Draft document: Recommendations
Submitted by Steve Coupland, Canadian Nuclear Association
Commenting on behalf of the organisation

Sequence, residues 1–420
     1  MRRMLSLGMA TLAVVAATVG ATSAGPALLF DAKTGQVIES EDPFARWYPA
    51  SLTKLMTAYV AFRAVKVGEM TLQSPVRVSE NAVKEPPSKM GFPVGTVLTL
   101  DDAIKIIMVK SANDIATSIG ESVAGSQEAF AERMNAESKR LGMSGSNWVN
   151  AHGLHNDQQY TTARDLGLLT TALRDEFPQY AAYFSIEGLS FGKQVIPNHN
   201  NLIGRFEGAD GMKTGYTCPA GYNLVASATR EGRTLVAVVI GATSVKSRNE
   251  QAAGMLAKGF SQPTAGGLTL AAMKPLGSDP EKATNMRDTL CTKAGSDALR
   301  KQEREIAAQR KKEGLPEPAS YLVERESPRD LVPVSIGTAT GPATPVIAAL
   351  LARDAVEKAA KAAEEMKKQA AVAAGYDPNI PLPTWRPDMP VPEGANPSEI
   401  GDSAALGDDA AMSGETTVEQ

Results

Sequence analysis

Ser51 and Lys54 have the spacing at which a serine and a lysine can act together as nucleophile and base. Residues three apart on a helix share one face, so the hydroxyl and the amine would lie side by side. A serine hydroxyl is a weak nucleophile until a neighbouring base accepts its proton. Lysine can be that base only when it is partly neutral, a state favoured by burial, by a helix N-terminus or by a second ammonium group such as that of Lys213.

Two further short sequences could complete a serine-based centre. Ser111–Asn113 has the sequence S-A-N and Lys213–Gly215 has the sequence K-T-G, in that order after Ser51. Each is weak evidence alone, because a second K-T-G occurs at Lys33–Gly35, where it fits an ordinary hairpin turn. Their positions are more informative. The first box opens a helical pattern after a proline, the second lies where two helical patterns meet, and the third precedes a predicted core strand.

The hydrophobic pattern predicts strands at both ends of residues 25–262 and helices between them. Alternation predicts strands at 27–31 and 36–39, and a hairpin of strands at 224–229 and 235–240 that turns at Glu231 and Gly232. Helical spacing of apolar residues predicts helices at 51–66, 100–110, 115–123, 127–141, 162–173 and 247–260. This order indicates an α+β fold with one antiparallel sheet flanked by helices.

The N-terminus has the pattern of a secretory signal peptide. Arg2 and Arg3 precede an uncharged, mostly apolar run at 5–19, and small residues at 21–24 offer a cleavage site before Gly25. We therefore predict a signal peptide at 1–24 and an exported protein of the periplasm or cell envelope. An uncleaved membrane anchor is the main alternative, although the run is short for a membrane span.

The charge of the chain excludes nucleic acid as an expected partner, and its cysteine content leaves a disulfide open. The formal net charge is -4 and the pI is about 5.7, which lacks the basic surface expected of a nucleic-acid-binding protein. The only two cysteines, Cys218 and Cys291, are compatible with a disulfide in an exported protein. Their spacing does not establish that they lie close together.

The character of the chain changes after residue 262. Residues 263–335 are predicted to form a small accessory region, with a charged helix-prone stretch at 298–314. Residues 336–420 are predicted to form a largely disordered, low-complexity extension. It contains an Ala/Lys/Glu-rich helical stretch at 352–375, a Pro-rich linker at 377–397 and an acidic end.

I am writing on behalf of the Canadian Nuclear Association (CNA) to provide our comments on the draft ICRP recommendations on Radiological Protection. These comments are general in nature and I would refer the ICRP to comments submitted by Robin Manley for more specific details on the views of a broad cross-section of the Canadian radiation protection community including representatives from a number of CNA member companies. While the CNA feels that the current draft is an improvement from the 2004 draft and applauds the ICRP for its consultative process, CNA members feel that there remains considerable work to do in clarifying and better defining terminology as well as providing better rationale (ie: constraints). The CNA also remains convinced that there is neither adequate justification or the need for changes, which if adopted, would compel new regulations. While recognizing the challenges of terminology in an international document, CNA members feel that the document could be enhanced by clearly defining what the ICRP means by terms such as exclusion, exemption and clearance. The CNA believes that the concept of clearance should be added to Section 2 of the recommendations and that clearance be clearly defined. CNA recommends that Section 2.4 be used as the basis for the harmonization of the concepts of exclusion, exemption and clearance in international standards. One of the major concerns with the document is the definition and use of constraints. CNA members recommend that the section on constraints begin with a clear definition and rationale. We would also recommend moving most of the discussion of constraints to a single section and minimizing substantial discussion in other sections. CNA members would also like to see the ICRP allow greater input from operators when establishing dose constraints. The CNA strongly supports the ICRP’s recommendation that collective dose estimates should not be used as a predictive tool to estimate hypothetical numbers of cancer deaths, particularly into the distant future. In fact, the CNA would like to see this reference strengthened. Finally the CNA would like to strongly encourage the ICRP to do another round of consultation after the next revision.